If you have a SCHEDULING PROBLEM, improving processes or soft skills WON’T improve project delivery or resource efficiencies. ONLY fixing the scheduling problem will.

PLEASE FIX THE SCHEDULING PROBLEM. THE WORLD IS EAGERLY AWAITING YOUR PROJECTS.

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CORE PRACTICE: GLOBAL OPTIMIZATION, NOT LOCAL

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The main pitfall to avoid with real-time scheduling is to continue with local optimization that was necessary with static plans. The results you get with real-time scheduling are superior when you use it for global rather than local optimization.

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Static plans are not useful in execution. Resources can only work on what’s available, not what was planned. That’s why, with static plans, day-to-day execution is managed with local optimization metrics like resource utilization and efficiencies. However, there is a big difference between keeping resources busy and getting projects done (more projects faster).

Let’s conduct the following thought experiment to understand the difference between local and global optimization.

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There are three identical work-streams in this experiment, and each work-stream is comprised of three main tasks:

  • Blue Tasks (B1, B2 and B3) that are performed by the Blue resources;
  • Red Tasks (R1, R2 and R3) that are performed by the Red resources; and
  • Gloden Tasks (G1, G2 and G3) that are performed by the Golden resources.

Now, imagine that you can execute these three work-streams in one of the following two modes:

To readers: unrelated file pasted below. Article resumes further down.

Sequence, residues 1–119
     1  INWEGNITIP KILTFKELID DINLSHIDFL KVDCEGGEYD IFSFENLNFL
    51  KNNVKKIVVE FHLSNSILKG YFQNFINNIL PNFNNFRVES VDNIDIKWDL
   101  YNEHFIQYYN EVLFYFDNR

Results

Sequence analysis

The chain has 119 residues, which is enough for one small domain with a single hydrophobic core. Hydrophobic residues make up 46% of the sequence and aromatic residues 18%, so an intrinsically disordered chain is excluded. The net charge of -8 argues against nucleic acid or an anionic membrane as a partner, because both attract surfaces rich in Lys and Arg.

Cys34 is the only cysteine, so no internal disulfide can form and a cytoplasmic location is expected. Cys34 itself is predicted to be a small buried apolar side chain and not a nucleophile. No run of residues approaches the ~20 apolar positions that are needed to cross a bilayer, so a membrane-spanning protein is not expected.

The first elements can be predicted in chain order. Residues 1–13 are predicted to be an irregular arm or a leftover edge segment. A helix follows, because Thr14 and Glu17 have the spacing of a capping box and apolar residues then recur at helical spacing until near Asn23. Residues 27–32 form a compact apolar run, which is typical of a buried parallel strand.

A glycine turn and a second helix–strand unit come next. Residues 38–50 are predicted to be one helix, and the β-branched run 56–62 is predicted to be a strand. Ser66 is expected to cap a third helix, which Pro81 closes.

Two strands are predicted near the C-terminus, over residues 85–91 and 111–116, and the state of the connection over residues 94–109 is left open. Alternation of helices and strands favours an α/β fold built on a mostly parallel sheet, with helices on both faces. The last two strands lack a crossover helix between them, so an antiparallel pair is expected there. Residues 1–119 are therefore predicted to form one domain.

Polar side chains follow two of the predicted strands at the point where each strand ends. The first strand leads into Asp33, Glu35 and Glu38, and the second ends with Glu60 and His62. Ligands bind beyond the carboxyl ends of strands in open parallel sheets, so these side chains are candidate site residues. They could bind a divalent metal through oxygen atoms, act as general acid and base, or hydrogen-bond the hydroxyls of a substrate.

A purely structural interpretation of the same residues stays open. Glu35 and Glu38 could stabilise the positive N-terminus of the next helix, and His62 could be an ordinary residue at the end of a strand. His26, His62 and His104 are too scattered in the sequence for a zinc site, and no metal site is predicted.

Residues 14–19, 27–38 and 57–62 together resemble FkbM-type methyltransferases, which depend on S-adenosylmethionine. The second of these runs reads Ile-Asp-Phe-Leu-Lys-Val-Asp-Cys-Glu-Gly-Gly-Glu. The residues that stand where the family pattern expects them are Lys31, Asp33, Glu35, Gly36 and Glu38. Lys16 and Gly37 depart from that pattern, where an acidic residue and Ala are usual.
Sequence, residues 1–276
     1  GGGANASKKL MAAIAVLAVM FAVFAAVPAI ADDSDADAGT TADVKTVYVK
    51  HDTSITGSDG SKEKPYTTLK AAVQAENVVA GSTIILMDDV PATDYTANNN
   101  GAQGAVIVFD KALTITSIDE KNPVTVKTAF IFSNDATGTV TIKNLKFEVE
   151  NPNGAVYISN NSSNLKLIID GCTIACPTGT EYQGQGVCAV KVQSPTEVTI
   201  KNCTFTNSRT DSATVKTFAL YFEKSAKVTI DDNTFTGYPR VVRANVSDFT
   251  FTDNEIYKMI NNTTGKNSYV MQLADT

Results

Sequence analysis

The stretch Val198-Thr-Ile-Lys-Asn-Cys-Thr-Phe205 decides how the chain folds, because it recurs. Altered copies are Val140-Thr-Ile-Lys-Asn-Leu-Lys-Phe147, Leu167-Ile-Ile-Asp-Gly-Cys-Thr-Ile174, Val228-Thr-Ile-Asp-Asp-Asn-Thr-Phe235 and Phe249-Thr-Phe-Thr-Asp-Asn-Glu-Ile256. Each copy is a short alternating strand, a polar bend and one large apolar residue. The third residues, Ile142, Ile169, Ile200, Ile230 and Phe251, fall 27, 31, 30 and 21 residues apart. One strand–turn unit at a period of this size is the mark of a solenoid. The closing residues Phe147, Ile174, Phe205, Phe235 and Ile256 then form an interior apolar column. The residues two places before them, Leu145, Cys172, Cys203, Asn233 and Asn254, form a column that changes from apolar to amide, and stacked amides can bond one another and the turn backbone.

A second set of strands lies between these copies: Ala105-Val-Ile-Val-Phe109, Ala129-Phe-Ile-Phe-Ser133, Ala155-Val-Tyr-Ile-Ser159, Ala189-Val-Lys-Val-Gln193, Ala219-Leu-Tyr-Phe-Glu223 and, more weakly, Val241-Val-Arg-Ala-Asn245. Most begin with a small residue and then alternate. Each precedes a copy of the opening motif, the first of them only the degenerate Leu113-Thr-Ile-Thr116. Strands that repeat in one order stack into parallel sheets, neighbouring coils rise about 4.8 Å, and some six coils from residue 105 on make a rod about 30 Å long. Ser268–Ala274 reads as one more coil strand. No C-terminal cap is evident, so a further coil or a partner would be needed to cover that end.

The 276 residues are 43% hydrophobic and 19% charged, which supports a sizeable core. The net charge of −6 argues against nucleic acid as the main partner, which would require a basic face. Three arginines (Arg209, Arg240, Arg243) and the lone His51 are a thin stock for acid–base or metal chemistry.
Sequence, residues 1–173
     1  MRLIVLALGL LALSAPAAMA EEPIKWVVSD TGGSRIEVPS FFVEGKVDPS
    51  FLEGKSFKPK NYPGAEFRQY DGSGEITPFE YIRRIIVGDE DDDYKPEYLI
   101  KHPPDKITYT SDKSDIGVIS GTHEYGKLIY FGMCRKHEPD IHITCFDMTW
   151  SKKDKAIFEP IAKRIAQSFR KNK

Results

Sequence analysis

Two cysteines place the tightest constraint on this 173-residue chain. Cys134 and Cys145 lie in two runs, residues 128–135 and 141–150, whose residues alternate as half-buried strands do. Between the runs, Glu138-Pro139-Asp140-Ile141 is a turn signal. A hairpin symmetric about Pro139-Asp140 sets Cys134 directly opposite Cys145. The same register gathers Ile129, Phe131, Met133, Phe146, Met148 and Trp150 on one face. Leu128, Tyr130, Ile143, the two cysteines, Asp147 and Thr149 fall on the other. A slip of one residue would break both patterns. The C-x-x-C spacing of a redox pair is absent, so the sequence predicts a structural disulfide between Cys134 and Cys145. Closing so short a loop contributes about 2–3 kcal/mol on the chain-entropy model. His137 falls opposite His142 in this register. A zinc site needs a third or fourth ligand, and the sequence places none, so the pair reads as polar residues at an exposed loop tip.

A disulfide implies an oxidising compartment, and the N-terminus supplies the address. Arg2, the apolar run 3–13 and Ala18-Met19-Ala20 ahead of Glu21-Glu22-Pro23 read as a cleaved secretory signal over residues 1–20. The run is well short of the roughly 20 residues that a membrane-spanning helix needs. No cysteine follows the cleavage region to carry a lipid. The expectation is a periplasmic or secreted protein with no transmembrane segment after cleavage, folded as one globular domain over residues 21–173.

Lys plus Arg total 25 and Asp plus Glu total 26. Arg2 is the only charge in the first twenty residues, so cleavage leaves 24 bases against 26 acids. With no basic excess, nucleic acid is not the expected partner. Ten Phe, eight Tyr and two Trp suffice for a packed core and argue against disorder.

• LOCAL OPTIMIZATION MODE: “Maximize Resource Utilization” whereby resources are fully utilized and all the three work-streams are executed in parallel.

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  • GLOBAL OPTIMIZATION MODE: “Maximize Project Velocity and Completions”, whereby all the required resources are assigned to one task at a time and only after finishing that task can they start another. For example, Blue resources will have to finish Task B1 before they can start Task B2. Resources experience some idle time in this mode.

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Let’s further assume that:

  • In the “Global Optimization” mode, Blue resources can finish one Blue Task in 6 weeks, Red resources can finish one Red Task in 10 weeks, and Golden resources can finish one Golden Task in 4 weeks. This mode requires 18 (6×3) weeks of Blue capacity, 30 (10×3) weeks of Red capacity and 12 (4×3) weeks of Golden capacity. As stated before, resources are sometimes idle in this mode.
  • Resources can be more fully utilized by spreading them across three work-streams. In the “Local Optimization” mode, the total capacity required from every resource is less than in the “Global Optimization” mode. Blue resources can finish all three tasks in 15 weeks instead of 18; Red resources can finish all three tasks in 25 weeks instead of 30; and Golden resources can finish all three tasks in 10 weeks instead of 12.

Let’s now analyze which mode yields better performance.

  • CYCLE TIME: In the “Local Optimization” mode, each of the three works-streams takes 50 weeks to get done (15 weeks for the Blue Task + 25 weeks for the Red Task + 10 weeks for the Golden Task). In the “Global Optimization” mode, the cycle time to finish one work stream is 20 weeks.
  • THROUGHPUT: In the “Local Optimization” mode, the three work-streams get done in 50 weeks. In the “Global Optimization” mode, the three work-streams finish in 40 weeks (the first work-stream starts immediately and finishes in Week 20, the second work-stream starts after 10 weeks and finishes in Week 30, and the third work-stream starts after 20 weeks and finishes in Week 40). In the “Global Optmization” mode, a fourth work-stream can be started after Week 30 and can be completed by Week 50, a 33% higher throughput.
  • MANAGEABILITY: In the “Local Optimization” mode, the number of active work-streams that have to be managed at a time is three. In the “Global Optimization” mode the number of active work-streams that have to be managed is two. Simplification for departmental managers is even more. The number of active tasks that have to be managed at a time comes down from three to one in every department.

“Local Optimization” is the only option for managers when they cannot analyze the impact of local schedules on global performance in real-time. However, “Local Optimization” doesn’t make sense in the new world of “Real-Time Scheduling”.